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    What benefit would there be for the silent partner to be a partner, if it was only in title and not much more?

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    Quote Originally Posted by rfnel View Post
    Hi Guys

    Will SARS and CIPC frown on it? What are the "formal requirements" (if I can put it like that) for silent partners?

    Cheers,
    Riaan
    Riaan, as regards SARS, there is no impact as SARS, in the first instance, is only concerned with income derived.

    Regarding CIPC; I assume then that you are talking about a company or a cc else CIPC would have no interest:
    With regards to a company, it depends on the class of shares that these investors would acquire. Unless they acquire a class of share that specifically excludes voting rights, it is not possible that they be 'silent partners'. Be that as it may, other than in extreme circumstances and only in reaction to formal complaints, CIPC would not concern themselves with this.

    On the other hand, it is my experience that 'silent partners' become vocal partners surprisingly quickly!

    In the case of a cc, there is no provision for members with reduced powers, other than as a consequence of their percentage holding.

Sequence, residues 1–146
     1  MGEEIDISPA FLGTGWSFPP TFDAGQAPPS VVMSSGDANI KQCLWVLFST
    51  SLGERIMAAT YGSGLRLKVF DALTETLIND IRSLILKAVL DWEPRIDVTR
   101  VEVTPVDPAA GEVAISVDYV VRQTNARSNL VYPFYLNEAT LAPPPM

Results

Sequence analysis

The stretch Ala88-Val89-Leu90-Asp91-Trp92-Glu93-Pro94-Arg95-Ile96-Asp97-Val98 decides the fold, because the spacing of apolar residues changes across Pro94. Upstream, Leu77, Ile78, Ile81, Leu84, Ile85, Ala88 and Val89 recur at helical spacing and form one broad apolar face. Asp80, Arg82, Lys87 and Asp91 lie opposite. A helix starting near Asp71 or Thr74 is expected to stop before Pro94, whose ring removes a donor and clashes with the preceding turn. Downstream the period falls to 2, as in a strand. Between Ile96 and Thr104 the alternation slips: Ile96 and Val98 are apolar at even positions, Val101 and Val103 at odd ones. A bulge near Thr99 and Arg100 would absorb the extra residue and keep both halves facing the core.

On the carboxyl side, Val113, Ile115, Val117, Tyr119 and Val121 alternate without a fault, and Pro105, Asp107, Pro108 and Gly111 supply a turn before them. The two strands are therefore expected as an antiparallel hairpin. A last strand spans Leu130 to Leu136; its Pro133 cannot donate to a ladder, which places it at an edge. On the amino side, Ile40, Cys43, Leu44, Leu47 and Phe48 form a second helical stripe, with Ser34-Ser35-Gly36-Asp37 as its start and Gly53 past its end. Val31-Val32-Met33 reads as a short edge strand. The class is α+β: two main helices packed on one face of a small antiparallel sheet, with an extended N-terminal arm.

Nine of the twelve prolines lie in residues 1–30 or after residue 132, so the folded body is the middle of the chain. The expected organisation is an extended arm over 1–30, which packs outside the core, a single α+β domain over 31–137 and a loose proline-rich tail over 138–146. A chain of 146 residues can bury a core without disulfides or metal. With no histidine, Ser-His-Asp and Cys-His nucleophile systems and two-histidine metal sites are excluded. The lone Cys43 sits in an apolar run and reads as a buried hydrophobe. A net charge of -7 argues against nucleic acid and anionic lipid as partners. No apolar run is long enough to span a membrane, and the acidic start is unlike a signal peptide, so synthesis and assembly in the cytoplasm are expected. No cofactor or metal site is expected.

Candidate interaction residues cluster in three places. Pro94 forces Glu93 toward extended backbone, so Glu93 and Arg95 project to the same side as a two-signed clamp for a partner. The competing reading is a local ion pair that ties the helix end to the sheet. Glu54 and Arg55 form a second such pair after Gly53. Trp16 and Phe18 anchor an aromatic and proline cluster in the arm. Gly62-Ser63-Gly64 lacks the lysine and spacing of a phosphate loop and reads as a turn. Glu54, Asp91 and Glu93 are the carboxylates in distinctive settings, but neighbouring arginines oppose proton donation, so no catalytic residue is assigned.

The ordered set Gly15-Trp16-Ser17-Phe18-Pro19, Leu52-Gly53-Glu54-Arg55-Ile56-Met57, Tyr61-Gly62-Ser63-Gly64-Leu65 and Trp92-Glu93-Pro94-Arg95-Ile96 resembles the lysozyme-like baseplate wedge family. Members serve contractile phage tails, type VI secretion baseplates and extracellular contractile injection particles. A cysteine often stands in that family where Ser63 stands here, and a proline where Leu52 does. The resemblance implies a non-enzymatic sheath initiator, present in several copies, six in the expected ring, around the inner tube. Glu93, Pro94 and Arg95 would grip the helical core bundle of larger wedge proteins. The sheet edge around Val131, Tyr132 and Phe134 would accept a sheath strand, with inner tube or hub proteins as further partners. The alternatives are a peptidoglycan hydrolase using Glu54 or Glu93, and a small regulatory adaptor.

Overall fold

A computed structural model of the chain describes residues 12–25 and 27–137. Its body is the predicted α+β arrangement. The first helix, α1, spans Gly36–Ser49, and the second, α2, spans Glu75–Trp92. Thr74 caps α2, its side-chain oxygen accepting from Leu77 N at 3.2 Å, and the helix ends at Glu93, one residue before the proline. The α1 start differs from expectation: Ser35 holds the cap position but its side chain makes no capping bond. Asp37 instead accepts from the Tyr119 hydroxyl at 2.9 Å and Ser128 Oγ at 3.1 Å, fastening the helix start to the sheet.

In bygone days you could contrive such an arrangement by means of a shareholders agreement, alas no more. Well, not without significant amendments to the Memorandum Of Incorporation.

    If you could be more specific, I could perhaps advise you better.

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    Riaan I forgot to mention that if the entity is a company and these 'silent partners' are shareholders and not directors, an unintended impact might well be that the company is obliged to be audited, because it is in effect no longer owner managed.

    There are many ways to achieve a desired outcome, the best would be to get a professional opinion and advice (hint hint).

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    Bronze Member rfnel's Avatar
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    Quote Originally Posted by Petrichor View Post
    What benefit would there be for the silent partner to be a partner, if it was only in title and not much more?